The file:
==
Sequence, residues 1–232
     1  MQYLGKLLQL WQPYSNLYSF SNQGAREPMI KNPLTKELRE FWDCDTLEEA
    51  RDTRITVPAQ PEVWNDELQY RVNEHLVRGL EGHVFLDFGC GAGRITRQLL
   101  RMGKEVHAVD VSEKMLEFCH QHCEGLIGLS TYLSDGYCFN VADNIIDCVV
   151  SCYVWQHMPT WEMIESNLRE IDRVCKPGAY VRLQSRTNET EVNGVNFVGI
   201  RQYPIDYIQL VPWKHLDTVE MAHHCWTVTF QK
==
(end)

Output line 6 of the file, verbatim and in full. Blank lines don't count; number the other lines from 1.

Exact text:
   201  RQYPIDYIQL VPWKHLDTVE MAHHCWTVTF QK